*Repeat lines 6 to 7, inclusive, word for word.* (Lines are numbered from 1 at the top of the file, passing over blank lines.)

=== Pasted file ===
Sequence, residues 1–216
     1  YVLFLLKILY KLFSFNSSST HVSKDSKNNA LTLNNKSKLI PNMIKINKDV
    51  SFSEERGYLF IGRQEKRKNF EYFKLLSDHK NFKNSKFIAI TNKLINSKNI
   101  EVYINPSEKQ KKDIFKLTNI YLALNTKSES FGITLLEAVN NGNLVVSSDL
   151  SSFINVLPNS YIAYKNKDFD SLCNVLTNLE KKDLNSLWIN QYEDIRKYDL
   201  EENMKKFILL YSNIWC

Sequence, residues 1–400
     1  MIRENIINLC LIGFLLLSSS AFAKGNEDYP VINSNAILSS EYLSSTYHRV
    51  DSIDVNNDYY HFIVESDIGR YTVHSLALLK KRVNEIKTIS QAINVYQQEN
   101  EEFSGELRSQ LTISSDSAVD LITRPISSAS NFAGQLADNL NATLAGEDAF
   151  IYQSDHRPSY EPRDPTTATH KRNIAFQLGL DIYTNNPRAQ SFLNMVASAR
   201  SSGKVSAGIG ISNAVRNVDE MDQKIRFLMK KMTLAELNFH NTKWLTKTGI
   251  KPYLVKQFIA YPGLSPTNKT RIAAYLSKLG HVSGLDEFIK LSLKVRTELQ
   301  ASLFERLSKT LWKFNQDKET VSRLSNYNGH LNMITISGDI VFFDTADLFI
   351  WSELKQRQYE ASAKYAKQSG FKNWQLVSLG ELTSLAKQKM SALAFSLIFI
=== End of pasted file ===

   201  EENMKKFILL YSNIWC

Sequence, residues 1–400